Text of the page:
Balkan Adventure Paddling Slovenia

White Water Rafting, Soca River

Rafting the Soca RIver in Slovenia
Written by Kirstie

White Water Rafting on the Soca River, Slovenia

Kirstie Profile SmallSlovenia’s Soċa River is a pure turquoise gem. One of two primary waterways running through the country, it’s as integral to the geological back story of the area as it is a part of daily life. Running from its source high in the Julian Alps to the Adriatic Sea, it’s also a mecca for white water sports and tourism. But don’t be fooled by its beauty; this river is the Ice Queen personified and a great venue for family white water rafting…

Getting ready to raft the Soca River, Slovenia

Getting ready to raft. All kit provided, all you have to do is figure out  what goes where.

Family White Water Rafting on the Soca

“Last one back in the boat is Leo De Caprio,” says Matic Vosic, our guide from Soca Rafting. But he needn’t bother. After 30 seconds of shocking cold we’ve all piled back into the raft already. Not because we have anything against being a Hollywood star, but because we are about to turn a deeper shade of blue than the water we’re escaping from. The waters of the Soca may be pale and inviting, but the chill cuts deep into your bones.

Rafting the Soca River

The Soca River is a popular spot for kayakers as well as rafters, but once on water you can still find moments of peace.

Not the Beast of the East

Our only previous white water rafting experience was last year in Iceland, rafting on the Western Glacial River in North Iceland. Like its sister river, the Beast of the East, that river roared. And we flew through its jaws. With special dispensation for Hannah to come as she was technically too young to be on the boat. Dressed in a man-size dry suit, she gripped onto the sides for dear life, just about stayed on board and loved every minute of it.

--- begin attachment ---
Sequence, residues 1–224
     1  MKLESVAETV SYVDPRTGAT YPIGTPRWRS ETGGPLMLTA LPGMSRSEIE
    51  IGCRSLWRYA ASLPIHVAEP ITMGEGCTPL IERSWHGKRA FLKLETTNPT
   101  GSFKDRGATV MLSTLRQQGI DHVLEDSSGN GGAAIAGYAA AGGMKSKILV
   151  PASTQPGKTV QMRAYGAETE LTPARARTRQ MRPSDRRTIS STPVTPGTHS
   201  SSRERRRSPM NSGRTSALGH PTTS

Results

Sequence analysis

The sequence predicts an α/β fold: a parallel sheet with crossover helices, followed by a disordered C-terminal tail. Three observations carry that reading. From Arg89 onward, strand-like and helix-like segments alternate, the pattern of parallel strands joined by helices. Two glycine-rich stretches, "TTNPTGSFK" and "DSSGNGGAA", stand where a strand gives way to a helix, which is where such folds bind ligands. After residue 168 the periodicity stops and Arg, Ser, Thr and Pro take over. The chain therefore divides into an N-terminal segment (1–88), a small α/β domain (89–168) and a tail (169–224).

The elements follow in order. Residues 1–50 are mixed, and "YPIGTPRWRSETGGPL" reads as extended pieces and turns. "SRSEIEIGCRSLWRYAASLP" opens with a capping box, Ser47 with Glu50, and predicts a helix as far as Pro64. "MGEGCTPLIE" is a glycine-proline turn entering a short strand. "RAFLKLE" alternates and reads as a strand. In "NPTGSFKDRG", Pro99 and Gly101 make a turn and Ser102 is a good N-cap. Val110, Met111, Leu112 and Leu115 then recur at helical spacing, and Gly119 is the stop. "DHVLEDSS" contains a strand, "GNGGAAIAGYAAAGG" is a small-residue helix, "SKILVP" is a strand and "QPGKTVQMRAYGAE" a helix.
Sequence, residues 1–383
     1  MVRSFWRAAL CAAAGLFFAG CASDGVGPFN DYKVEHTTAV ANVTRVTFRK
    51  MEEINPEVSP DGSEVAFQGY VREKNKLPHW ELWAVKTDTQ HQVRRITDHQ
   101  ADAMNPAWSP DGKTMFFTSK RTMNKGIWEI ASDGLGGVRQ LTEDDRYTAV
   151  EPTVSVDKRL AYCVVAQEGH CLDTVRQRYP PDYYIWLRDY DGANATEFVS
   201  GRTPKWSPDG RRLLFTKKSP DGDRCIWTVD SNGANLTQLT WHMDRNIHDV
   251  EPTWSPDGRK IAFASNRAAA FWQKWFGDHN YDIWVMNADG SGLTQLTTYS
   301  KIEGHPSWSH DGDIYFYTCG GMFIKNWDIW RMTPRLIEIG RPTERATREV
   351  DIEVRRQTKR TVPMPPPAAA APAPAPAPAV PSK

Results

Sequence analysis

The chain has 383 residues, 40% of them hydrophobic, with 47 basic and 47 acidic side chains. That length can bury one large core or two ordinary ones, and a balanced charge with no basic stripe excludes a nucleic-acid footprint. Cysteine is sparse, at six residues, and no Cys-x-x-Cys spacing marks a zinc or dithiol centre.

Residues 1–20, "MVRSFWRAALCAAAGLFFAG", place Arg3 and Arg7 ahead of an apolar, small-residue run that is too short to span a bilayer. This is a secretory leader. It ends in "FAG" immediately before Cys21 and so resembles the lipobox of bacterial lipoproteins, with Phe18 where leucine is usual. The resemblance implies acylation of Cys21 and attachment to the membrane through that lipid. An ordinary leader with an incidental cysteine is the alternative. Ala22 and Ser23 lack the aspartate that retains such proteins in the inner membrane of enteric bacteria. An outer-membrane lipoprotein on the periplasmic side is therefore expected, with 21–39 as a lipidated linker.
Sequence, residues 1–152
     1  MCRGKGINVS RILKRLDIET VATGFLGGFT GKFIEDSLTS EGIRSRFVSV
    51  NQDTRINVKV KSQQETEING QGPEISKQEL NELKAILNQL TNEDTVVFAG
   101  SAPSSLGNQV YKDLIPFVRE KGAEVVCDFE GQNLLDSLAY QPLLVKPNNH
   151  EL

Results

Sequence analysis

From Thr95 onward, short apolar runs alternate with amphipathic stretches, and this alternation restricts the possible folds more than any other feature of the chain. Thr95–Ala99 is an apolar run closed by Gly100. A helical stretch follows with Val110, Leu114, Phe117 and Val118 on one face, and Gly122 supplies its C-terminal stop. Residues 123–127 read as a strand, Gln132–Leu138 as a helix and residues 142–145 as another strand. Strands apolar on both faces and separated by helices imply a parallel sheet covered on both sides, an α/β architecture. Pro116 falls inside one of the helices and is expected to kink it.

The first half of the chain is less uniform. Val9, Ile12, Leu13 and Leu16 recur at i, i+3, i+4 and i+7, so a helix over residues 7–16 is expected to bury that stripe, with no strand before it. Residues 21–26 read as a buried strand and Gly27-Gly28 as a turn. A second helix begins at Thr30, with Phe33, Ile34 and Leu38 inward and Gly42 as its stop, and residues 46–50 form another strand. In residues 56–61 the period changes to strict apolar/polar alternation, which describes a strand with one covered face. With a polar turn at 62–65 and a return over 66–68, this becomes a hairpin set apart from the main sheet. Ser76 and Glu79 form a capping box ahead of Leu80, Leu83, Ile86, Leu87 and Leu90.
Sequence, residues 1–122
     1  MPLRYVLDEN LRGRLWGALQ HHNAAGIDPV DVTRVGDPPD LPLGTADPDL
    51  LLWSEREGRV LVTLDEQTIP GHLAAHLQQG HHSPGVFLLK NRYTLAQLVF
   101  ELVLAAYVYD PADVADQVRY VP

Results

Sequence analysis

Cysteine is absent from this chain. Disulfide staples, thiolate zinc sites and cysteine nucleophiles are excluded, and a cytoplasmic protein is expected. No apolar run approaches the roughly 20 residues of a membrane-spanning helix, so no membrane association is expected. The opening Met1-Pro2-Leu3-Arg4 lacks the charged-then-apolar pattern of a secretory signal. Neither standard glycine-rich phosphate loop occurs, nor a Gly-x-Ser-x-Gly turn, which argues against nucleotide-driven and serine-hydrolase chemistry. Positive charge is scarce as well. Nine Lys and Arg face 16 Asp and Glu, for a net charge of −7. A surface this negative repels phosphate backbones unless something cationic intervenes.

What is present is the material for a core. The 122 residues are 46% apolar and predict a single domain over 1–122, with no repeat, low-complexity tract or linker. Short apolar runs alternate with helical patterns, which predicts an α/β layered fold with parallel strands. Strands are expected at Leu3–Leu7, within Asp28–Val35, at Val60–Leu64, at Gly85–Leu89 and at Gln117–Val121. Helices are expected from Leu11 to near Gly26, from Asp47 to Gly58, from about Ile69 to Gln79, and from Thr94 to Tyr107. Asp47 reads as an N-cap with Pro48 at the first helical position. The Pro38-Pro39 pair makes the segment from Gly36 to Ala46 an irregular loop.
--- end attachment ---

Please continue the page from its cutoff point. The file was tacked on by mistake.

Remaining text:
Team briefing before the rafting begins

There’s a team briefing before we get on the water so everyone knows what to expect and what’s expected of them.

The family friendly river

In contrast, Slovenia’s Soċa river offers rafting for all the family. Indeed it’s a busy highway; on the day we ride it there seem to be almost as many boats in the water from Hungary as there are from Slovenia. But despite the numbers there are still moments of solitude; just you, the raft and the river. The river is low as it’s peak summer and according to locals there have been 40 days of continuous sunshine without rain. But that doesn’t necessarily make it an easy ride.

Rafting the Soca River

Once on board it’s all hands on the paddles. Your team is depending on you to stay dry. Or is that get wet?

While low flow means slow, which is great for family rafting, it also means it’s more technical. There are rocks to navigate every few yards and there’s plenty of white water. Our guide, in charge of steering, makes his presence felt.

“Right back. Right back! Have you forgotten which is your right side?”

I have. Because I’m focussing on the massive rock we appear to be about to crash into. Check out this video and see what I mean.

Everybody paddle hard now!

I have no idea how one side of the boat paddling right, while another paddling left gets us around those huge boulders that scatter our path like pine cones in an English forest. But it does. With a few bashes and bumps. And a lot of squealing and laughing.

Rafting the Soca River

The rapids on the Soca River are more technical in low water, which makes for an exciting ride. Image courtesy of Soca Rafting

A shout out for the Soca